As we progress towards the central market square, the economic hub of the medieval city, we arrive at the Three Swans Chequer. Documentary sources indicated that this location attracted potentially wealthy owners, including the Weaver’s Guild, who acquired revenue from wool.
The site, which had been the former Salisbury Bus Station, extended across the full width of the chequer and occupied two medieval tenement blocks, 8 and 10, on Endless Street and three, 13, 15 and 17, on Rollestone Street. When the bus station was closed the land was sold for redevelopment as retirement homes. Most of the site was taken up by parking bays and it was believed that only one other building had occupied the Endless Street frontage following the demolition of the medieval buildings and the construction of the bus station. The project therefore offered a rare opportunity to examine potentially well preserved archaeological layers near the economic hub of the medieval city.
Four evaluation trenches, each 20 m long, were excavated in 2014 across all parts of the site to establish the presence and condition of any archaeological remains and their potential importance. The results were positive and confirmed that well preserved building foundations were present along both street frontages and that further, more extensive, excavations would be necessary before construction could begin.
The first buildings appear to have been erected on Endless Street in the 13th or 14th century as indicated by pottery, which was found in the foundation layers. These fragments were made from coarse sandy clay, a type of pottery that was produced in kilns at Laverstock and is common across the medieval city. Many of the sherds were characterised by scratch marking, a distinctive treatment of the surface which indicates a probable 13th century date and suggests construction here from the earliest dates in Salisbury.
The distribution and ground plan of the foundations suggest that two parallel ranges of buildings were represented on Endless Street, one positioned along the street frontage and the other approximately 30m to the rear, across the central part of the chequer.
Foundations on the street frontage were of chalk and flint construction which undoubtedly provided a base for timber framed buildings, the prevalent construction technique in medieval and late medieval Salisbury. It is quite likely that this building was sufficiently important to have been built with a large open hall with central fireplace. Internal wall lines were identified with insubstantial partition walls. Clay floor foundations and rammed chalk floor surfaces were also preserved. These were very clean and so may have supported stone or tiled floors.
The central range measured 6m across and was also timber framed with a spinal wall beneath a central ridge. The construction of the range, whether single or multi story, and its function, as out-buildings, workshops or residential, could not be determined. Internal walls and floor foundations were identified but no floor surfaces survived.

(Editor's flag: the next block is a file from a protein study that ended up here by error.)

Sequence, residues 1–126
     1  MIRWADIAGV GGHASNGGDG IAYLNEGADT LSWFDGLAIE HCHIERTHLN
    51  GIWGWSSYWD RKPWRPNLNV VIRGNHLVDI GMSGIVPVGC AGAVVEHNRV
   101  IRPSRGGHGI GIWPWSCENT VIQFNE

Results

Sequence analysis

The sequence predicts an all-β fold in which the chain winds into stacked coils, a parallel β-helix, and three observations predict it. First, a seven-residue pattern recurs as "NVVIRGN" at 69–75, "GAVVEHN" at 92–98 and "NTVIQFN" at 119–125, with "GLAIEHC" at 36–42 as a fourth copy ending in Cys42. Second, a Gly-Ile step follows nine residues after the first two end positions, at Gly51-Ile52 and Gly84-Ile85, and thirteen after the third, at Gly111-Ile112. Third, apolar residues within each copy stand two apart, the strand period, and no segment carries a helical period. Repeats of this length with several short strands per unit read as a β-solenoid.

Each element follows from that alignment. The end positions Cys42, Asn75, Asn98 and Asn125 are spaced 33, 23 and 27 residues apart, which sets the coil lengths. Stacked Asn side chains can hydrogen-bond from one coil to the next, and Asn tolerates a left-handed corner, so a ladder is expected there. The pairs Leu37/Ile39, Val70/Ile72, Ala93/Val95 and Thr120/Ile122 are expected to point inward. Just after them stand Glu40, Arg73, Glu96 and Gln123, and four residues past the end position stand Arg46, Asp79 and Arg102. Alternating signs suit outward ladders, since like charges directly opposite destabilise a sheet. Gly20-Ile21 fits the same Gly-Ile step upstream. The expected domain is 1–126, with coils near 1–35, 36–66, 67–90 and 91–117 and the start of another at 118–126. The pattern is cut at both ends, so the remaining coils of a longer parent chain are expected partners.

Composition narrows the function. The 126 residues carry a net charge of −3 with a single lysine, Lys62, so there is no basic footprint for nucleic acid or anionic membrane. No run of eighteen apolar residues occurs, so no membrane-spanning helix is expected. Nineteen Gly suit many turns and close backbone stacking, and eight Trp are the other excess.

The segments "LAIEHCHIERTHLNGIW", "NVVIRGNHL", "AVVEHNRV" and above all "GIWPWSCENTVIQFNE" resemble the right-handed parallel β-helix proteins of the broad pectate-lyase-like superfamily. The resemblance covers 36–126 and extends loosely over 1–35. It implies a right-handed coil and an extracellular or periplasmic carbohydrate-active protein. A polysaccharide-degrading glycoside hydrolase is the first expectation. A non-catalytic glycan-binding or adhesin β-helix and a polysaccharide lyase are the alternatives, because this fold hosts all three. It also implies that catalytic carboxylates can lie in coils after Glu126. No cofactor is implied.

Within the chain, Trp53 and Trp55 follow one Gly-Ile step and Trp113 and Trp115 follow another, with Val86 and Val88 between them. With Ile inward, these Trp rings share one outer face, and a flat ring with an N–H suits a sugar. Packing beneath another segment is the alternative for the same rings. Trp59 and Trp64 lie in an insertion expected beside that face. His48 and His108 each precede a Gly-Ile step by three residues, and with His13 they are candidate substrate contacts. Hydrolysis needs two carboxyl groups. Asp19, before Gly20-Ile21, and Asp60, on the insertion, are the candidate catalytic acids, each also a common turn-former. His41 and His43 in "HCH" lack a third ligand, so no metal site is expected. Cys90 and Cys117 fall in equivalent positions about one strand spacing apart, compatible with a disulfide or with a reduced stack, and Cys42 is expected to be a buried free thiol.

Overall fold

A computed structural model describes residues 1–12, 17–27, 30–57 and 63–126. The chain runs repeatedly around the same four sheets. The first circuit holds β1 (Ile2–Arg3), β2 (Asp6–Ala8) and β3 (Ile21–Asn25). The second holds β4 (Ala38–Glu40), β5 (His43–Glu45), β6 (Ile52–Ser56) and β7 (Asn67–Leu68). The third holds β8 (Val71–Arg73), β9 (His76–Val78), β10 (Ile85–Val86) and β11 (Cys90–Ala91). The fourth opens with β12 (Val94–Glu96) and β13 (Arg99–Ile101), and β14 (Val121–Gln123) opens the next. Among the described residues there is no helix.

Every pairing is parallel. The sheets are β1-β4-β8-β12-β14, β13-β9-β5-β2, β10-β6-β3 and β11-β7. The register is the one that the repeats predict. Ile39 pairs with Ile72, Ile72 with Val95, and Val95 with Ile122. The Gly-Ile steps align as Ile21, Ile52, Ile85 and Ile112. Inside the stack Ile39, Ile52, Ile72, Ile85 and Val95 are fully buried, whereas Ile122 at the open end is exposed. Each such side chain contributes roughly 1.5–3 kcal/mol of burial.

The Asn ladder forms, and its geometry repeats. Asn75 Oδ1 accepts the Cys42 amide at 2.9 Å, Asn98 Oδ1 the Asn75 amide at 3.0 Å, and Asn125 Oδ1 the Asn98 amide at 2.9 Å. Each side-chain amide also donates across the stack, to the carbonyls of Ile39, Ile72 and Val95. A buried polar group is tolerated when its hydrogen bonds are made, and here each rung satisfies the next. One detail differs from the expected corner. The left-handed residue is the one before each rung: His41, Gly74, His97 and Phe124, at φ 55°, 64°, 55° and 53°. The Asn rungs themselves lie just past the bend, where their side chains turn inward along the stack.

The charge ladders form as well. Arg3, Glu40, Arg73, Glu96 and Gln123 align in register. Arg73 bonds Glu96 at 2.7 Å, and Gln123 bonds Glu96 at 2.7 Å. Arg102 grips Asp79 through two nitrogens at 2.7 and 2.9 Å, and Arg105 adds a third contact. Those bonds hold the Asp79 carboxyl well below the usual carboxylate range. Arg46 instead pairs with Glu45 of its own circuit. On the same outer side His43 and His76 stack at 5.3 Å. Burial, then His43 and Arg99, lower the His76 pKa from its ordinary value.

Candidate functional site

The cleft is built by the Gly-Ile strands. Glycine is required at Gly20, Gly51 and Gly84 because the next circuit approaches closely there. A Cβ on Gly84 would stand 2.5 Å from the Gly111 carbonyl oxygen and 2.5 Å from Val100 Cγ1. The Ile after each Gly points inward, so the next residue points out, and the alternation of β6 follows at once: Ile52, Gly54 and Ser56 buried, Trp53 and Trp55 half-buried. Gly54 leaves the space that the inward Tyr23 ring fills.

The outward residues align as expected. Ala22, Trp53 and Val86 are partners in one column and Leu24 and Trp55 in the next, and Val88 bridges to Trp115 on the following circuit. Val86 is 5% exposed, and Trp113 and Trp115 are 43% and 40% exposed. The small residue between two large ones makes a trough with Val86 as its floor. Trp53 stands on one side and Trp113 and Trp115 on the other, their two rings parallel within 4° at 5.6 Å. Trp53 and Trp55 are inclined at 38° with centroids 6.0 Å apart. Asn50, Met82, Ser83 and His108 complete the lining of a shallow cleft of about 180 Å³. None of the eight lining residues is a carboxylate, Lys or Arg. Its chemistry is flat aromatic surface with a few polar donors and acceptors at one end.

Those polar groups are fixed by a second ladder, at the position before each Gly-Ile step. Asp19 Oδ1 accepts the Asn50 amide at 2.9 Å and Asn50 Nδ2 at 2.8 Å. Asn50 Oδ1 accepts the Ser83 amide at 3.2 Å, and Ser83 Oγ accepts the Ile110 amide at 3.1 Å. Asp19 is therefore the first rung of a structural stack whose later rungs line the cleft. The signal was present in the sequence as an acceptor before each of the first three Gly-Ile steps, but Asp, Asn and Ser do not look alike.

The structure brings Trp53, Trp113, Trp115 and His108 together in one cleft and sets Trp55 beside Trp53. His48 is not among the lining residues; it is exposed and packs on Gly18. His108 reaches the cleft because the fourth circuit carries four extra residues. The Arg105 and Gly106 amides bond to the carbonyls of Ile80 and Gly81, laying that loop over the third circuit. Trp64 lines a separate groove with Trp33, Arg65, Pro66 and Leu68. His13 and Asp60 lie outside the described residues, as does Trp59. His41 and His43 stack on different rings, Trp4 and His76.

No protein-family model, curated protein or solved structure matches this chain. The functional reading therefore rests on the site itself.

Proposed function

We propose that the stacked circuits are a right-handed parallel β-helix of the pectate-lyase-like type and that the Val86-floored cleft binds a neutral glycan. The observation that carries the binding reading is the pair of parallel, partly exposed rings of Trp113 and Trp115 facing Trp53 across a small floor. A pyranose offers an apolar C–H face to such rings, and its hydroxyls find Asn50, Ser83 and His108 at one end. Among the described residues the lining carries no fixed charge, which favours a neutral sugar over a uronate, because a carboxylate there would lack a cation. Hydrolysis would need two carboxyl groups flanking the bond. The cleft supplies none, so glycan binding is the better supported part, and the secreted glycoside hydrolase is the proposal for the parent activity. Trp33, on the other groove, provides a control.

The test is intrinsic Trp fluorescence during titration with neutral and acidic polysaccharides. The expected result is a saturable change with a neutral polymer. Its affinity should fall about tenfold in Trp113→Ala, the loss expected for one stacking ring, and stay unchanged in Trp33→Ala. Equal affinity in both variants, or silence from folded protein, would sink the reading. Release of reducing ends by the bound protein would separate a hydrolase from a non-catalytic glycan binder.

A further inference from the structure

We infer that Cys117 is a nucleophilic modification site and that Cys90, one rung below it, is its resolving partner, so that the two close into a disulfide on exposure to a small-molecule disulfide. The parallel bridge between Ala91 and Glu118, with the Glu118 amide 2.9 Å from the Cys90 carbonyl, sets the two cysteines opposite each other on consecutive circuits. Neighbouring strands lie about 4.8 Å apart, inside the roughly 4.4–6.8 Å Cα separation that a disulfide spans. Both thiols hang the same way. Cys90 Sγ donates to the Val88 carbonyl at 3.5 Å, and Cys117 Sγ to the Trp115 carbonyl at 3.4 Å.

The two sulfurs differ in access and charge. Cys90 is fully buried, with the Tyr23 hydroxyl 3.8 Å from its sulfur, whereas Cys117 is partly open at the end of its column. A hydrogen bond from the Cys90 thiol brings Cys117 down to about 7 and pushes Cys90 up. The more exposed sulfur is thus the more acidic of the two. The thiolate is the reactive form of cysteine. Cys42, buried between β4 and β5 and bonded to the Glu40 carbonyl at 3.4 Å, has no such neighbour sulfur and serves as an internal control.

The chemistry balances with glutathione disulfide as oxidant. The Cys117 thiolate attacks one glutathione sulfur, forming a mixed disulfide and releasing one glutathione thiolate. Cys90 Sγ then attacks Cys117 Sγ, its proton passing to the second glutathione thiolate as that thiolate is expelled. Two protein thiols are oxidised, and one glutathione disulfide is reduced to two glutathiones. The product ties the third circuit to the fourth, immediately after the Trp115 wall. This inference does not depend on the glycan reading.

These two ranges hinted that the entire complex may have been constructed around a central courtyard, a design of high-status residence which is known in the city, but none previously excavated. This ground plan fits with that shown on early maps of Salisbury in Speed’s rather stylised edition of 1611 and the more elaborate plan compiled by Naish in 1716. The level of detail shown may confirm the importance of this building.
These medieval buildings were demolished in approximately 1740 and were replaced by an imposing brick structure with a large open space across the central part of the chequer. This building was itself demolished to make way for the bus station.
Buildings appear to have been erected on Rollestone Street by the 15th-16th centuries, with modifications in the 17th century. These buildings also appear on Naish’s plan and were of similar construction with flint, chalk and Greensand foundations with internal dividing walls, clay floors and external yards. The findings support similar results from excavations immediately to the south on Rollestone Street in 1988 where, as we will see next week, traces of medieval walls indicated similar early occupation in the street. The buildings were also aligned on the rear elevation of the existing building at 19 Rollestone Street, immediately to the north. It shows that for much of their existence buildings probably occupied a largely unchanged footprint from the time when they were laid out.
Land to the rear of these buildings, commonly known as the back-lands, were, in common with many parts of Salisbury, maintained as open yards and gardens.
More detailed excavations were undertaken by Cotswold Archaeology before the site was redeveloped. The results are due to be published in a forthcoming volume of the Wiltshire Archaeological Magazine.